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Home :: Archive :: 2002 :: April ::
Re: Plagiarism and Update
The Shakespeare Conference: SHK 13.0926  Wednesday, 3 April 2002

[1]     From:   Don Bloom <
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        Date:   Tuesday, 2 Apr 2002 12:43:49 -0600
        Subj:   Re: SHK 13.0899 Re: Plagiarism and Update

[2]     From:   Peter Paolucci <
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        Date:   Tuesday, 2 Apr 2002 15:38:54 -0500
        Subj:   Re: SHK 13.0910 Re: Plagiarism and Update

[3]     From:   L. Swilley <
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        Date:   Monday, 2 Apr 2001 17:39:33 -0500
        Subj:   Re: Plagiarism, and students' ignorance of it


[1]-----------------------------------------------------------------
From:           Don Bloom <
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Date:           Tuesday, 2 Apr 2002 12:43:49 -0600
Subject: 13.0899 Re: Plagiarism and Update
Comment:        Re: SHK 13.0899 Re: Plagiarism and Update

David Wilson-Okamura asks,

> Don, could you say a bit more about how this works better than an
> accusation of plagiarism? If you can't prove plagiarism, how do you
> persuade the putative offender to write that replacement paper? I can
> see how this might work with a student who already feels guilty or
> nervous; but in my experience a lot of students don't.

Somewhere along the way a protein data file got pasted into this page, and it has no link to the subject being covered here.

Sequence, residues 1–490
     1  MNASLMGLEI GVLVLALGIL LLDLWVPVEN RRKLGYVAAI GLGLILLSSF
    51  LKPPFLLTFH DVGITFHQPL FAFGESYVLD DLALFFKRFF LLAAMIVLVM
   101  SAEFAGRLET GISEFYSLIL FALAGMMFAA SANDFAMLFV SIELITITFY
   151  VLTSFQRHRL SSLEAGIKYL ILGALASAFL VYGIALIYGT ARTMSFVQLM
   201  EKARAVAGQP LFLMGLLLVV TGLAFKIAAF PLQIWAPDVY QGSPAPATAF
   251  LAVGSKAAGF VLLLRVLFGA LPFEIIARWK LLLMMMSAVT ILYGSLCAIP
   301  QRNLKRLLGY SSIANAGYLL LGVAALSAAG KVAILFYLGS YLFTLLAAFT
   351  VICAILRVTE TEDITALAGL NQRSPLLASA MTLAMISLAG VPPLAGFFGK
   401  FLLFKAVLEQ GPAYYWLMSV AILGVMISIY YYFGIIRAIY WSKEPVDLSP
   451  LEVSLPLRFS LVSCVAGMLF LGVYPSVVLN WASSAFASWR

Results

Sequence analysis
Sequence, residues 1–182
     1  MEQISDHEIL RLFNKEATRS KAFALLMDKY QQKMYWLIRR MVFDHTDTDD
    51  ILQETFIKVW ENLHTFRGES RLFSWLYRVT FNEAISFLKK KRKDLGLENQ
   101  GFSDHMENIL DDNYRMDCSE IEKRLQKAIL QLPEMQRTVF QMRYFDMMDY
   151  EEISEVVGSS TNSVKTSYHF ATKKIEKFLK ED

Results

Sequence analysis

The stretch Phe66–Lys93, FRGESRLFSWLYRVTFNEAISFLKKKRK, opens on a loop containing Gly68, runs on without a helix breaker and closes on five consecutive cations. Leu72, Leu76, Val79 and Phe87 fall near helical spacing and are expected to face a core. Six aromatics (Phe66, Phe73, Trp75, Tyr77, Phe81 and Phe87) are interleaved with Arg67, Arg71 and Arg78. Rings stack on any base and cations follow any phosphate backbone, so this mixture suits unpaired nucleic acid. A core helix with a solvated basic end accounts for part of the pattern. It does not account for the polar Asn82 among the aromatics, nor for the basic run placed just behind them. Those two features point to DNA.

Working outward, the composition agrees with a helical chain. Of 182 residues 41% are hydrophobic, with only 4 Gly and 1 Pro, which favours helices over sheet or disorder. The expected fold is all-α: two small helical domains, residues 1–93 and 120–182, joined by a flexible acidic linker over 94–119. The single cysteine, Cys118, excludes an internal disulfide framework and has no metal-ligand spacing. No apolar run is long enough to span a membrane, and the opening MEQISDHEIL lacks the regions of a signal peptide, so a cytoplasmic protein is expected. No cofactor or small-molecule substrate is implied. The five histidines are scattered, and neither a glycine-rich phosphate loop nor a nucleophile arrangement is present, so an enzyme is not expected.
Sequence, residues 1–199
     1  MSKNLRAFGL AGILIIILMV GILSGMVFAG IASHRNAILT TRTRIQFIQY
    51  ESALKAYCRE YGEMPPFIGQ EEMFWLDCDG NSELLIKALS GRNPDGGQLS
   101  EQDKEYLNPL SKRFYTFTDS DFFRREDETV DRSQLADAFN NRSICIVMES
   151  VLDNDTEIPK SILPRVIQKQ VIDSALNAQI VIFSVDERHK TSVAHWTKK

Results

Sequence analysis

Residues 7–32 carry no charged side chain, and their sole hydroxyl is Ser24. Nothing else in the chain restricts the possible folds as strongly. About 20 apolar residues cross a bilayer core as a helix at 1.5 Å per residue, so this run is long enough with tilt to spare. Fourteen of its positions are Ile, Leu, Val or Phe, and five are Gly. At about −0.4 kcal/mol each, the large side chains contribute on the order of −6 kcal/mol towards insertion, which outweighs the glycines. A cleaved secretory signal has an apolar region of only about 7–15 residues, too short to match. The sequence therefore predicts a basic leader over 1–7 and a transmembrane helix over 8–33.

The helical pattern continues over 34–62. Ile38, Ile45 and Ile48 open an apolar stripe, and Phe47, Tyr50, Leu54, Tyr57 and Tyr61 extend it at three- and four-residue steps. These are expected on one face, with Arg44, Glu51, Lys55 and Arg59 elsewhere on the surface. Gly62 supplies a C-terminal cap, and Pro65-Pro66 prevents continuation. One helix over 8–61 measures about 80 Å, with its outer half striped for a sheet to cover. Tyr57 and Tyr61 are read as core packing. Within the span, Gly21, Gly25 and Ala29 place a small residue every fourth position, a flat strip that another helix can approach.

I don't persuade. I threaten. I have given them the time to re-do the
paper and told them why I won't accept the first one. If they want to
try and prove that the work is wholly original, I am more than willing
to re-consider. But I have to have a paper I'm sure is theirs before
I'll pass them.

It may have more to do with the kind of student. When I taught college I
encountered a fair number of students who were of the cynical sort you
refer to. For them the program was not a discipline to be endured but a
system to be beaten. For the past nine years, I've been teaching at a
gifted high school and have far fewer of that sort, because (I think) of
both age and intelligence. (A lot of rather dumb individuals attend
college in this country (the U.S.), though not so dumb that they can't
figure out ways of doing the work without doing the work.)

I think that a statement on your syllabus explaining the rule (that they